The Touristic Gaze and the Chinese State: The Politics of Tourism in Post-1949 China
2: Memory, Homecoming, and the Politics of Diaspora Tourism in China
Sunday, March 27, 2022
10:45am – 12:15pm EST
Virtual Paper Presenter(s)
Australian National University, Australia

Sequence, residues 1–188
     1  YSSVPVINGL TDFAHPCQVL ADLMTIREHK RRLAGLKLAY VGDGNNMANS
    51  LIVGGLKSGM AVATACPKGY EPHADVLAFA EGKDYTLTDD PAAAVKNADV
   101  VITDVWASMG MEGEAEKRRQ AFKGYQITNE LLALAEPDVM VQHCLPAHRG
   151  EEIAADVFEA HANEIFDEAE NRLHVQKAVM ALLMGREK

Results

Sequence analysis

Since 2014, a group of Muslims from Kazakhstan have travelled to China to celebrate their return after over 140 years of displacement from their homeland. Drawing on interviews with local officials and residents in Xi’an, this study illustrates the political factors of host governments and local Muslim communities in organizing the formal group tourism events. Unlike informal and personal travel, such officially organized diaspora tourism does not serve as a simple act of homecoming. The host governments have used it as a political tool to shape transnational networks and domestic ethnic governance under the discourse of ‘Belt and Road’ initiative. To fulfill this political agenda, the official narrative of diaspora tourism involves a process of remembering and forgetting, and the creation of itineraries that authenticates the imagined ancestral homeland while effacing the unsettled past. The itinerary of tourism events and related cultural practices focuses on a shared ethno-religious identity and common interests of cultural and business exchange between the selected diaspora representatives and host communities. However, due to its political nature, the sustainability of diaspora tourism does not only relate to funding and resource management. Such organized diaspora tourism is also closely associated with the shifting ethnic and migration policies of the host nation-state.